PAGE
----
We need to see how the Bill works in practice and we need to continue to consult the people the Minister consulted before the Bill was produced to see whether it is having the desired effect. If it does not have the desired effect, I hope that the Government will commit to look again at whether forced marriage should become a criminal offence. Despite the persuasive skills of my hon. Friends, I am still not entirely convinced that we as a House should not send out a clear message to the country that we will not tolerate this evil trade any longer. It is completely unacceptable in this country and in this day and age. The number of cases that are referred to the authorities is completely unacceptable too. I hope that the merits of making it a criminal offence will be considered further in Committee, but, whether or not that occurs, I am delighted that the Government are making a giant step in the right direction with the Bill and I commend it to the House.


Lorely Burt (Solihull) (LD): More than 20 years ago, before I ever dreamed that I would end up in this place, I met a young man called Mooli. He was the son of an Asian manager where I worked. Mooli was at university. He had a girlfriend and a happy, fulfilling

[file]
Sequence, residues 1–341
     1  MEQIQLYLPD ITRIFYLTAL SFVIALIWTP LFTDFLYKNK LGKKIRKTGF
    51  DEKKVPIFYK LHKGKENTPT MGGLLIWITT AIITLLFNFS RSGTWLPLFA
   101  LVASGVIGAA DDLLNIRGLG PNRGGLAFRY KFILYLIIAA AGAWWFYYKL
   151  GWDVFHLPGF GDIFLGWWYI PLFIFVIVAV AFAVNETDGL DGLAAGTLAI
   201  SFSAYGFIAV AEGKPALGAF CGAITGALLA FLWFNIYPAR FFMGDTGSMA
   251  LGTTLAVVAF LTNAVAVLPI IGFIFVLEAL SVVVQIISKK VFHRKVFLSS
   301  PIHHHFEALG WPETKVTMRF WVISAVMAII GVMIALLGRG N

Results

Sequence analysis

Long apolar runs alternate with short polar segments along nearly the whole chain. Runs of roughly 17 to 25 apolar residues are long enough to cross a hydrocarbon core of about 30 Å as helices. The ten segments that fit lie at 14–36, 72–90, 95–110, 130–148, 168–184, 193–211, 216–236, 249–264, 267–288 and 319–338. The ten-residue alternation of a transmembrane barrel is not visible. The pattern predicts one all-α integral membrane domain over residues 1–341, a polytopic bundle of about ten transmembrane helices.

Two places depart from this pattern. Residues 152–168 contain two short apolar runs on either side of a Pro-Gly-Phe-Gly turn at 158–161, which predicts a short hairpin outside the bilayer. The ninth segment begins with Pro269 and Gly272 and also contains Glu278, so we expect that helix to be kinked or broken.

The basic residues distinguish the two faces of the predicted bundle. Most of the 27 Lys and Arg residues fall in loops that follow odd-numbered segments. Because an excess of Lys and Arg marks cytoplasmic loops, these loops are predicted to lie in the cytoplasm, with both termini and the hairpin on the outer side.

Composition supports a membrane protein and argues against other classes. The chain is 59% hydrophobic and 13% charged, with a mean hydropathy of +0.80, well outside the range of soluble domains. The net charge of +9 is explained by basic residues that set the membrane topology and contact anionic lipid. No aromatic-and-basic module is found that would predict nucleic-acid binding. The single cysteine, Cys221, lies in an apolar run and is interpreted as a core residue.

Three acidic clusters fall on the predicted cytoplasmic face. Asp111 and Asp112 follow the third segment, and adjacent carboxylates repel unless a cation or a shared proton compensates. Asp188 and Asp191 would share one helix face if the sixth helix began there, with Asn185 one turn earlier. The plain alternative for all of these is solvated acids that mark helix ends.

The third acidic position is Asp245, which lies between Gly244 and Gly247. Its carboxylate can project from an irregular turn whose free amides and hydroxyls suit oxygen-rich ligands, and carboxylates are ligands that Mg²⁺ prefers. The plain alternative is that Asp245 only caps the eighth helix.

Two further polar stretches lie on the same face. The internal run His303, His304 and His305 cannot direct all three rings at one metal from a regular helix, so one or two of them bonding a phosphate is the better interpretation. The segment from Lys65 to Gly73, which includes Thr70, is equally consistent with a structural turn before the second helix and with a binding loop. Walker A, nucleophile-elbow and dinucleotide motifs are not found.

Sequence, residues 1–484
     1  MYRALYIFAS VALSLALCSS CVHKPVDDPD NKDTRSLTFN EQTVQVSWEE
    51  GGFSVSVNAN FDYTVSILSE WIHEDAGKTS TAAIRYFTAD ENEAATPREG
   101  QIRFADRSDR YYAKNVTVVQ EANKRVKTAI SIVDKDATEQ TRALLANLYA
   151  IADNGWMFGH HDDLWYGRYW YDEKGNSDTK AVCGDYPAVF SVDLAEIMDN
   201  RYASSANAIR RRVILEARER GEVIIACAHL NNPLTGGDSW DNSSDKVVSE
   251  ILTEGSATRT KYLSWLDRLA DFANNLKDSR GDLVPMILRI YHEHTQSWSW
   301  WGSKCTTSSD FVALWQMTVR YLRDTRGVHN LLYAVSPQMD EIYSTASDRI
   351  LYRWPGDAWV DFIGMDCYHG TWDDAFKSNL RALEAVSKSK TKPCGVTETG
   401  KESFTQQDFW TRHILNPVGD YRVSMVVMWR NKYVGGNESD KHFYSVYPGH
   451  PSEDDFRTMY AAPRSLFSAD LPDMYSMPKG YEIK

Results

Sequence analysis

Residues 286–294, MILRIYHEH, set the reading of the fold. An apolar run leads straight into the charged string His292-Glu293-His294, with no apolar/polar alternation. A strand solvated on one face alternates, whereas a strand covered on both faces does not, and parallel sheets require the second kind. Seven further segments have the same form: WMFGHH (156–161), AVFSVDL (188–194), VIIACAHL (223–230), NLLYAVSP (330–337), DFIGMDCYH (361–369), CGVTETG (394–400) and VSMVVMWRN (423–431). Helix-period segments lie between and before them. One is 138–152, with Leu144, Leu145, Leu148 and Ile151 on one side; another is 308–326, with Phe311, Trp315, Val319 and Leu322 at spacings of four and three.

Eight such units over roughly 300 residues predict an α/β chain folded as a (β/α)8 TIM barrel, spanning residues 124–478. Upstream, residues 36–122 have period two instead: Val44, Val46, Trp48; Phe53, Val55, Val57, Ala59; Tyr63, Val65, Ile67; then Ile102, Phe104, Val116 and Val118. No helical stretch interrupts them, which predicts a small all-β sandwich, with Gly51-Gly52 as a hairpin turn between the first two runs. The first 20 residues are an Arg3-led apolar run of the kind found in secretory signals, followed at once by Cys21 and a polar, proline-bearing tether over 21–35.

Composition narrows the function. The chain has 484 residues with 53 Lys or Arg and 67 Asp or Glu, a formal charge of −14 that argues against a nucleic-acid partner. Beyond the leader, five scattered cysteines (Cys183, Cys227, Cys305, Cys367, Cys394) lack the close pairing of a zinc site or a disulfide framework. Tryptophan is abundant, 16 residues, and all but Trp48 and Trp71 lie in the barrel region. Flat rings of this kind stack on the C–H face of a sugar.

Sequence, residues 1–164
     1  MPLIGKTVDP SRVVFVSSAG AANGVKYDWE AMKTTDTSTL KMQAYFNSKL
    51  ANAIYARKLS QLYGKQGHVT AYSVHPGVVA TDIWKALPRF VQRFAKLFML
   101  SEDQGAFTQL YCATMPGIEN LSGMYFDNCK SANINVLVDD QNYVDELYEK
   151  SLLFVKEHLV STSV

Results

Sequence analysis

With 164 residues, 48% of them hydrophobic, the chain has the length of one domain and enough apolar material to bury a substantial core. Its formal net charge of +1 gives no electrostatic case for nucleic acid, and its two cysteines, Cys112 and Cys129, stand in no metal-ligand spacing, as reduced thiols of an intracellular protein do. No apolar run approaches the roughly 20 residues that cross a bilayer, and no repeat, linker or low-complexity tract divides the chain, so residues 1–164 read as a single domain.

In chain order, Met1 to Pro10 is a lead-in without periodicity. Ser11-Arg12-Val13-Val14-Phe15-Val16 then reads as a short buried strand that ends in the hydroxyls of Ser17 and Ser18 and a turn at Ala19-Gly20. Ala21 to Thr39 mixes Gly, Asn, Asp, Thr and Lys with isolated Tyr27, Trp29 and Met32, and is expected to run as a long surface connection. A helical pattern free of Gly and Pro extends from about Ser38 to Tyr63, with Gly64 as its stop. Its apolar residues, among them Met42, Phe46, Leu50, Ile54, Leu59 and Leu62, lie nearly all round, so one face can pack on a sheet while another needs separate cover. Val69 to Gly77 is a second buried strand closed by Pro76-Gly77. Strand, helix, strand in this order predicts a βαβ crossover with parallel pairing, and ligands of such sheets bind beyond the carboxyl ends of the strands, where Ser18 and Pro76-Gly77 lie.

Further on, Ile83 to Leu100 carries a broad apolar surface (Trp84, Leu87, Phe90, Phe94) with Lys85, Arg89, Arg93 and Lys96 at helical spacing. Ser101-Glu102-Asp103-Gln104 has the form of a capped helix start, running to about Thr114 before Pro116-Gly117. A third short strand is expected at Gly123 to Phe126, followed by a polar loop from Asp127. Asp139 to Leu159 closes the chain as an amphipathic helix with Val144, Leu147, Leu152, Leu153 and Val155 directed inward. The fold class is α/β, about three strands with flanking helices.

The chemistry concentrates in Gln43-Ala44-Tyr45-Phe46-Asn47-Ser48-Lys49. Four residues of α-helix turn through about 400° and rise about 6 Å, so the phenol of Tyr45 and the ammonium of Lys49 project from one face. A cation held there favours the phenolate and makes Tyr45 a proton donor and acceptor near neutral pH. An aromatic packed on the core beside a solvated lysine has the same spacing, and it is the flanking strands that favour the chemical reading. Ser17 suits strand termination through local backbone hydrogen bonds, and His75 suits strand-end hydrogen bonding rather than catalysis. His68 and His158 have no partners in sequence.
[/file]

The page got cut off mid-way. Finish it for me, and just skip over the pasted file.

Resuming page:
10 July 2007 : Column 1409
life. I then heard that Mooli had got married. In his holidays he had been working at a petrol station and, apparently, on his wedding day, he had gone to work, left halfway through his shift, gone through a marriage ceremony and then gone back to work. A bride had been brought over from Pakistan—someone he had never met and certainly did not want to marry. I was quite shocked, as you might imagine, Mr. Deputy Speaker.

That was a forced marriage at one end of the spectrum that was so ably described by the hon. Member for Calder Valley (Chris McCafferty). Mooli decided to comply with the marriage and retain his standing in the community. He went back to his university studies and at least had something of a life. However, for those who disobey, running away and often being treated as dead by one’s family—with the ultimate conclusion of the reality of death itself—is all too real a prospect in some circumstances.

We have discussed the difference between a forced marriage and an arranged marriage, so I do not want to dwell on that. I echo the point made by hon. Members on both sides of the House that it is certainly not for us to consider whether arranged marriages or traditional western types of marriage have advantages over each other. As long as the people who enter into the marriage do so consensually, clearly it is perfectly acceptable.